KMZs and other files showing the distribution of Redband Trout are available from the download system.
Redband is the common name for native-strain rainbow trout which live east of the coastal region. They are classified as subspecies of rainbow trout, with multiple sub-variants which are not necessarily consistently described. For simplicity, we can classify Redbands as belonging either to the Columbia Basin or Great Basin subspecies, lumping together the many sub-variants into two sub-classes.
The Columbia Basin redband describes rainbow trout inhabiting rivers east of the Cascade Mountains, in a broad but poorly documented swathe from central Washington, northern and eastern Oregon, much of Idaho, and brushing western Montana and north-eastern Nevada. These are generally stream-resident populations, though sea-run redband populations also occur. This is roughly the same distribution of Steelhead, which is the sea-run form of the coastal rainbow trout. In some streams redband and coastal steelhead live together (“sympatric”), in others, because of barriers to the steelhead run, redband live isolated (“allotropic”). Steelhead, redband trout, and stocked rainbow trout can interbreed, and do, though because of behavior differences, the sympatric steelhead and redband populations are surprisingly distinct.
The Great Basin redbands include the McCloud River redband, the Goose Lake redband, and the Warner Valley redband, all in California, as well as populations in south-central Oregon and NW Nevada.
Redband trout are considered to be a more primitive form of rainbow trout than the coastal populations which have been stocked virtually everywhere trout live. True redbands are considered the evolutionary link between an ancestral “cutthroat-like” species and the coastal rainbow trout. In general, redband trout possess characteristics that are closer to cutthroat trout than to rainbow trout, such as presence of a faint orange cutthroat mark under the jaw; presence of vestigial basibranchialteeth* in some fish; pronounced white or yellow tips on dorsal, anal, and pelvic fins; higher scale counts; fewer pyloric caecae; and elliptical rather than rounded parr marks (adapted from Ronald Rhew, Redband Trout and the Endangered Species Act).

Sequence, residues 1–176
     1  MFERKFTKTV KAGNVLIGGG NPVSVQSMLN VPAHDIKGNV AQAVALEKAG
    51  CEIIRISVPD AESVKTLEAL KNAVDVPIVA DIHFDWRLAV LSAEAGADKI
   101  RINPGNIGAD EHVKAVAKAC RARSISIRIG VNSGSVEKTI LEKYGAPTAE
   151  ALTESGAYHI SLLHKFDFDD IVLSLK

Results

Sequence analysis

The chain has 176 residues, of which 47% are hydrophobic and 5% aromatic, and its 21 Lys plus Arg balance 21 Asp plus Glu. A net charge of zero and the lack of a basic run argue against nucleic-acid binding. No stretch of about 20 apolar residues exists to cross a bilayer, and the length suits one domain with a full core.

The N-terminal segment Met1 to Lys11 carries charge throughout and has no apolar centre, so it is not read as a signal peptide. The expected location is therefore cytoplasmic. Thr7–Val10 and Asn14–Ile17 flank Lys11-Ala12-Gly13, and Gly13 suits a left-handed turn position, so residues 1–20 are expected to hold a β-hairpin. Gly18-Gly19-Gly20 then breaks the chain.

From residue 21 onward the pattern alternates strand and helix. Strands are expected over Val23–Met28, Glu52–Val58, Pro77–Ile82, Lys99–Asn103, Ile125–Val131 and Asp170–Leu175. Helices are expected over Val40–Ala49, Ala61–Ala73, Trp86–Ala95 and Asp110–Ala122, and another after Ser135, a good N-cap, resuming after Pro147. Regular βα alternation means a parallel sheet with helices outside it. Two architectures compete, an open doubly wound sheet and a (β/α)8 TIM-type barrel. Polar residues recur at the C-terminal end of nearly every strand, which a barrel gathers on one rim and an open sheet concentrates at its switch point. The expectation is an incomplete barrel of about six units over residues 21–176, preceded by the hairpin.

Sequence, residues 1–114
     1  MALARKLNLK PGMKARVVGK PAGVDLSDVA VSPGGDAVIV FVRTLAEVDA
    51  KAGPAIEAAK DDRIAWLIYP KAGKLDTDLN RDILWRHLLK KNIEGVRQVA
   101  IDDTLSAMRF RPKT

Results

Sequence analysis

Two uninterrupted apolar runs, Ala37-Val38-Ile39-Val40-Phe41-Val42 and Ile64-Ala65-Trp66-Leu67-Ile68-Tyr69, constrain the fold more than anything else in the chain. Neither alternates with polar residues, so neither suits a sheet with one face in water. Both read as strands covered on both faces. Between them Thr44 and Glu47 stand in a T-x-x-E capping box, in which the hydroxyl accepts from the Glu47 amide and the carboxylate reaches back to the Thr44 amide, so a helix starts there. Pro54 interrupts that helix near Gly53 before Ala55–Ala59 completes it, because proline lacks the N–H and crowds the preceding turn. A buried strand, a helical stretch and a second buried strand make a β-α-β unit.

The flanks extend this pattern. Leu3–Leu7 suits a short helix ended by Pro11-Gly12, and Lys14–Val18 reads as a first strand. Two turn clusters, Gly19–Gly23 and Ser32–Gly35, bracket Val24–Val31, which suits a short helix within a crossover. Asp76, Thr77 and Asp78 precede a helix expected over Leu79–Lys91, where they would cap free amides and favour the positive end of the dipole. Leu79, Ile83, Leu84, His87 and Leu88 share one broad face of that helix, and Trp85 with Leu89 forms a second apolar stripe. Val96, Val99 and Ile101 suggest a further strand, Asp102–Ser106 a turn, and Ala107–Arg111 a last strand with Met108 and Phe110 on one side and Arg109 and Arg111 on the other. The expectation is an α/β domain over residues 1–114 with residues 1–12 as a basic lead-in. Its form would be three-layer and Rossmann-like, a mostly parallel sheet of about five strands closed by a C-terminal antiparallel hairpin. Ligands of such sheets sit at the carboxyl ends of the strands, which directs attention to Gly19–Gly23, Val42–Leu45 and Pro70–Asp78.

As an angler, when you catch a rainbow-like fish with these characteristics in the appropropriate geographic range, you may be hard pressed to tell the difference between a “pure strain” redband, a cutt-bow hybrid, or a rainbow/redband hybrid. If the fish is unusual and pretty, maybe that’s enough. But this potential for confusion is one of the reasons I suspect redbands have lagged other native western species in attention and study. Redbands are not considered threatened or endangered (though pure strain populations are increasingly rare); they have one of the broadest distributions of any western native trout.
There is no range-wide assessment of Redbands as there are for many other natives. We’ve had to cobble together information from a variety of sources to paint a reasonable picture of its current distribution. All of these datasets are available on the download system.